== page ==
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Scuba diving facts for kids

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Alyosha is certified
Scuba divers observing fish and coral

Scuba Diving is a sport where people (called "scuba divers", or simply "divers") can swim underwater for a long time, using a tank filled with compressed air. The tank is a large metal cylinder made of steel or aluminum.

The word Scuba is an acronym from Self-Contained Underwater Breathing Apparatus.


Dykeri, fig 6, Nordisk familjebok
The Rouquayrol-Denayrouze apparatus was the first regulator to be mass-produced (from 1865 to 1965). In this picture the air reservoir presents its surface-supplied configuration.
Henry Albert Fleuss
Henry Fleuss (1851–1932) improved the rebreather technology.

In the 1600s, a diving bell would be lowered that had trapped air in it. A diver would breathe that air and swim in an and out of the bell until the air became bad. Then a heavy suit was made that had a hose attached to an air compressor on land. It was difficult to swim and not get tangled, but it was safer than the diving bell.

The first scuba systems used a heavy diving helmet with windows. Divers would walk on the seafloor instead of swimming. The regulator would send air to the helmet by hand control. Jacques Cousteau was a very famous Frenchman who developed several important parts of the scuba system and made it useful. One part was a better regulator that only sent air when the diver breathed in. This let the divers go farther on one tank. It was light enough to use with fins and easily swim. He also took many underwater movies and showed people what was under the water and why it needed to be protected.


Aqualung (PSF)
Aqualung scuba set. 1: Air Hose, 2: Mouthpiece, 3: Regulator, 4: Harness, 5: Back plate, 6: Tank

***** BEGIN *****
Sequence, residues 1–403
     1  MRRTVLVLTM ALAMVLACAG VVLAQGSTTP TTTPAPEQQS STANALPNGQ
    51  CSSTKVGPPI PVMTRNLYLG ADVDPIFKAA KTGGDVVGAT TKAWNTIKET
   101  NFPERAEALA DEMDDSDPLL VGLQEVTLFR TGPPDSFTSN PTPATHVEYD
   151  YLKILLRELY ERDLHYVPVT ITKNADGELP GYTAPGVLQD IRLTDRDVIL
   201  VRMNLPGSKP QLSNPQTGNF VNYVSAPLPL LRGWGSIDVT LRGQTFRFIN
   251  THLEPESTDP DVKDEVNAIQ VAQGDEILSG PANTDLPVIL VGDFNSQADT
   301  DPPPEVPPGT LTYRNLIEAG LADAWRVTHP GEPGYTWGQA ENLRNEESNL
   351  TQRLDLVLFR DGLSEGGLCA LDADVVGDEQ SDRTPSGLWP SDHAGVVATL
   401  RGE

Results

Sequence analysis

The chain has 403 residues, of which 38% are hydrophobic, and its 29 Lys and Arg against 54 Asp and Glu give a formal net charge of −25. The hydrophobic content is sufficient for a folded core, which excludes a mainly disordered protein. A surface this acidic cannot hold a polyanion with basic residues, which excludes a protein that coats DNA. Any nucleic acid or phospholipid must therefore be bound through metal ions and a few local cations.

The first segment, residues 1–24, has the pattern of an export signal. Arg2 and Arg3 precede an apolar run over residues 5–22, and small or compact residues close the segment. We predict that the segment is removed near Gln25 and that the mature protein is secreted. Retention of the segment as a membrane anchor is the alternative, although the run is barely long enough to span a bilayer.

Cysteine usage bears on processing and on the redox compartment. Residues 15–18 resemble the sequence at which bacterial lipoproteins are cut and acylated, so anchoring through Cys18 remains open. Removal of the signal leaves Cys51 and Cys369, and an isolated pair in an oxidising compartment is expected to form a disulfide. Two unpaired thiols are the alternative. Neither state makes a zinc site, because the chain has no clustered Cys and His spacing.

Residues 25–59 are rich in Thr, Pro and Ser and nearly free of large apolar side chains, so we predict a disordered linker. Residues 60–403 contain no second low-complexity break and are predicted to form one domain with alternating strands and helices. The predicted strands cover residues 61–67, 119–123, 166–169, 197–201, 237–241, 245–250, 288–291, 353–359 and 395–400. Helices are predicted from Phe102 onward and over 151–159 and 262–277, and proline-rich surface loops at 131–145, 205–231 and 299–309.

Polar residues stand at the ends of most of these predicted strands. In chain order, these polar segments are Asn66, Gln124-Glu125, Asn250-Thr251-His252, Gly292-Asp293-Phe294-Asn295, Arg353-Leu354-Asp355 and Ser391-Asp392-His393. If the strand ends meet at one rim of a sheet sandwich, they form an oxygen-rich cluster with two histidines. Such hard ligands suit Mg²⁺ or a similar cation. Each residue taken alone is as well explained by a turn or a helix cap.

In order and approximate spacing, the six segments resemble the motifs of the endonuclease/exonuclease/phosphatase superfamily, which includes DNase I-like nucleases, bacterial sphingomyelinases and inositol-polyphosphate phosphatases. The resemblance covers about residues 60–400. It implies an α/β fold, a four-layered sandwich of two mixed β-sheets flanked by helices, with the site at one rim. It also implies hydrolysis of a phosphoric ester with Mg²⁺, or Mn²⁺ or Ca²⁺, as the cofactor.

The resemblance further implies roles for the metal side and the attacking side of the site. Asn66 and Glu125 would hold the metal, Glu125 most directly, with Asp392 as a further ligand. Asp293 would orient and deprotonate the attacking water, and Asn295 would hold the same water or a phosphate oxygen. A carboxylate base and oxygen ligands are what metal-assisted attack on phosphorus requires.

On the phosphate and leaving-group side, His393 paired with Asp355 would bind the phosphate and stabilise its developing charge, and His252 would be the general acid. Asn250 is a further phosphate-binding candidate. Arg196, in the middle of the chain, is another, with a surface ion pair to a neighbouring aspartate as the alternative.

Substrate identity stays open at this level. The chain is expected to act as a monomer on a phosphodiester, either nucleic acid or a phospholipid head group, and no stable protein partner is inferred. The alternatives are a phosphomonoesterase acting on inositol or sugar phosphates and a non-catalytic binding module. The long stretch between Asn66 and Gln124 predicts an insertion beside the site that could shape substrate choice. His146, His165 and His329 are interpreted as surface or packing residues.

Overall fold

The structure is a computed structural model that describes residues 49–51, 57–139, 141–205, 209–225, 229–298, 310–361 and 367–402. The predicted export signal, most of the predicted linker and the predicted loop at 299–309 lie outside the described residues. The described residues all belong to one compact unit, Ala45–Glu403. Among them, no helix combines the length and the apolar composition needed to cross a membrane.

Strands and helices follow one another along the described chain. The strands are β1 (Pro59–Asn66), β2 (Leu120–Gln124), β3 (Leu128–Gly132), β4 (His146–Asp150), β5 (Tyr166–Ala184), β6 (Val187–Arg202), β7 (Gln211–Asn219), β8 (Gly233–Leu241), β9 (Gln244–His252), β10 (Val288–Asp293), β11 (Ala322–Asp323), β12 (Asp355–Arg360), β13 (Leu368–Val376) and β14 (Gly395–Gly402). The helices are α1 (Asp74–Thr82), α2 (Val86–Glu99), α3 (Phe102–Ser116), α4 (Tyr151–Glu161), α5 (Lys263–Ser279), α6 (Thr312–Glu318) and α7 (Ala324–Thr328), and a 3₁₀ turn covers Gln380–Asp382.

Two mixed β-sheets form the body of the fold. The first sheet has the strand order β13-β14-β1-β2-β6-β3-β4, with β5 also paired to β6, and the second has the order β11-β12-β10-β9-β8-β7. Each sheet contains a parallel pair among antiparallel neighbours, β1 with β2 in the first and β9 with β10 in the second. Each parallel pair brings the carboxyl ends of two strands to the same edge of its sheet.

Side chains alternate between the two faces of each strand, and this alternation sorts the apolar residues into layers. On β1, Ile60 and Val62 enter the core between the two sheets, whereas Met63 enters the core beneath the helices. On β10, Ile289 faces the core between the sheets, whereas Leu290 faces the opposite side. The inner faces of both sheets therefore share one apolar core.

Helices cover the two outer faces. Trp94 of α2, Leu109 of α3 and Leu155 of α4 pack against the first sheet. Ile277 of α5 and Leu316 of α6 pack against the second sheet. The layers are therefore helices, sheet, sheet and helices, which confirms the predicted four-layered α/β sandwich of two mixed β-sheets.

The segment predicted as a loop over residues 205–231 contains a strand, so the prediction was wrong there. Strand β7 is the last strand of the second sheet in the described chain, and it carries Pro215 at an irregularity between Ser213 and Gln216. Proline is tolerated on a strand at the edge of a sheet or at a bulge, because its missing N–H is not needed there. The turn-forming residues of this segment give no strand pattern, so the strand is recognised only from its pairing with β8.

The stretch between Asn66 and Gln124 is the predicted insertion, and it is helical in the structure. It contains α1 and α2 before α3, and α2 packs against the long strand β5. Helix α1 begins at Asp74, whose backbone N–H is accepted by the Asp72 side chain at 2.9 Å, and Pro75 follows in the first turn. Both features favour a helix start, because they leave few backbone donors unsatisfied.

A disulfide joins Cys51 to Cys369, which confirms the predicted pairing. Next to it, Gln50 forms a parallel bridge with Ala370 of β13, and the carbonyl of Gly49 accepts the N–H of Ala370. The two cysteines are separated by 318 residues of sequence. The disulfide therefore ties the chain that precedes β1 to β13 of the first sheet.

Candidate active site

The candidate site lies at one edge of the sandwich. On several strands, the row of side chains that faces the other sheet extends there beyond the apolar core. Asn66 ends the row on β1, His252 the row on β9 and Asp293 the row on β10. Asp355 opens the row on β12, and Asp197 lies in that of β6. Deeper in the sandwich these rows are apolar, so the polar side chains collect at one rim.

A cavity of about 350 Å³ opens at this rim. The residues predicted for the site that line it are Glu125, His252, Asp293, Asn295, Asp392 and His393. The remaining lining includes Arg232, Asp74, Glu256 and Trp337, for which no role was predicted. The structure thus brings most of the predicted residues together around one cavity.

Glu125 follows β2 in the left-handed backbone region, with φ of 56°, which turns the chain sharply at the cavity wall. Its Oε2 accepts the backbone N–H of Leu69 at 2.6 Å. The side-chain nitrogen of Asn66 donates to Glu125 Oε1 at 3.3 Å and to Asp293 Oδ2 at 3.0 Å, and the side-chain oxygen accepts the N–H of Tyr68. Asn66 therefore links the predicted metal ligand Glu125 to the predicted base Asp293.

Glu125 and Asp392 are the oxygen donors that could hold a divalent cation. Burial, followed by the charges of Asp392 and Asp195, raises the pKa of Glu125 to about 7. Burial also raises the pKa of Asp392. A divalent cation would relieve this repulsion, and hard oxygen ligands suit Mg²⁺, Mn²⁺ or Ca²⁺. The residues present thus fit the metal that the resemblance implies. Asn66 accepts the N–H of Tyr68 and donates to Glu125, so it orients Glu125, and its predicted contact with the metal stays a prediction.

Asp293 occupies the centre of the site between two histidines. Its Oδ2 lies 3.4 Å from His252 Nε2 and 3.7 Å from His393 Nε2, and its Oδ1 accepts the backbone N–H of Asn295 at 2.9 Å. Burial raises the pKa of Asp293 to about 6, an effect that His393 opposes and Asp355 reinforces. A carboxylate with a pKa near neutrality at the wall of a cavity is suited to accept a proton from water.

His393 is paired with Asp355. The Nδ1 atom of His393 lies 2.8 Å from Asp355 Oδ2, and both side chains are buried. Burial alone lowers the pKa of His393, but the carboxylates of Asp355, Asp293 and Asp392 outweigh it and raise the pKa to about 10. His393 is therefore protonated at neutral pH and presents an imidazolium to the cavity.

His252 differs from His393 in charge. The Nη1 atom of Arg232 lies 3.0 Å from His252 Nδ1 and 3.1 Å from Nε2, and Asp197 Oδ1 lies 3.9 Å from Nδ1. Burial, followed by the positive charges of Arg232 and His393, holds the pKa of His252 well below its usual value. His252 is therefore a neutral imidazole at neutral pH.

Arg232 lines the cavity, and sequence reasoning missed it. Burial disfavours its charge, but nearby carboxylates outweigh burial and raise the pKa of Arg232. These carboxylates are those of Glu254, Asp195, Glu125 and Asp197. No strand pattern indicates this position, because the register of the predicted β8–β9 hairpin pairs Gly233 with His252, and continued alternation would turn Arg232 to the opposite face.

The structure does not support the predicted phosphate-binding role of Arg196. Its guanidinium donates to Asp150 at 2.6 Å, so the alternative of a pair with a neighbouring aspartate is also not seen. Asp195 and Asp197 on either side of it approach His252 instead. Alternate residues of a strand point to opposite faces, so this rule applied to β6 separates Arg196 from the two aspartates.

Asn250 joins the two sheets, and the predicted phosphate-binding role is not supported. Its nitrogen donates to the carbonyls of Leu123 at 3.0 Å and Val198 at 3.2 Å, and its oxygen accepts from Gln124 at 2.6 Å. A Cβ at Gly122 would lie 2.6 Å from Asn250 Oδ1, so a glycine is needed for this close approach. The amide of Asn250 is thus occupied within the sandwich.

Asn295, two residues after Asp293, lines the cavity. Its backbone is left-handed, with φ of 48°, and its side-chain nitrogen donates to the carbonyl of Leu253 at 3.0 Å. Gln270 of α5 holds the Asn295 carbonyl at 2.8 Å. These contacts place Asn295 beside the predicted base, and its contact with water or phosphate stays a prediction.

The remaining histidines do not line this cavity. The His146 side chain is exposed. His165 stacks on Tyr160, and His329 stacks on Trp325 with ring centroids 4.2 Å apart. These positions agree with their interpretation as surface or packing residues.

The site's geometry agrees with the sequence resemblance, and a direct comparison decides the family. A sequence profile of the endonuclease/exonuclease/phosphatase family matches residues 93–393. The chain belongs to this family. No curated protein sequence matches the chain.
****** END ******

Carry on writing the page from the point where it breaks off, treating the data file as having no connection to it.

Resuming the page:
Full face diving mask - ocean reef
A diver wearing an Ocean Reef full face mask
  • Tank, (one or more) containing air. The air is compressed air from the surface for most dives, but deep dives use special air with more oxygen and less nitrogen to avoid decompression sickness, also called the bends (a painful or deadly problem from going to the surface too fast).
  • BCD (buoyancy control device) to control whether the diver floats or sinks. The diver can add air or remove air by using dump valves or an inflator on their regulator. Divers may also wear weights so they are neutral (float in place) at a depth they want. Then the BCD will move them up or down from that depth.
  • Regulator for breathing the air from the tank. This reduces the pressure of the air coming from the tank. It adjusts the air to the pressure of the water around the diver so they can breathe easily at any depth.
  • Depth gauge, to know how deep they are. There is also an air gauge to know how much air is left, and there may be other gauges or calculators as well. A safe dive depends on how long and how deep the diver goes, and how long it has been since the last dive.

Divers also use snorkeling equipment. They wear a mask to see through, a snorkel for breathing near the surface, fins on their feet to swim better, and a wetsuit to keep them warm under water because water makes you cold four times as fast as air.


9-24-2007 diving with wellington-05
Two divers giving the sign that they are "OK" on a wreck in the Dominican Republic.

Running out of air or getting the bends can be dangerous. So a person must take a certification class before going scuba diving. This proves that they have been trained on how to use the equipment and dive safely. The biggest organization for certifying divers is PADI - Professional Association of Diving Instructors - but there are many others, depending on the country. Some tourist places have a short course on certification and then lead the class in a shallow dive, all in one day.

Because of special dangers, there are advanced classes for things like diving in or around underwater ship wrecks, cave diving, and deep diving (more than 60 feet or 18 meters).

Related pages

  • free diving - Diving without scuba equipment (holding your breath). Snorkeling equipment is often used in free diving. No certification is needed.

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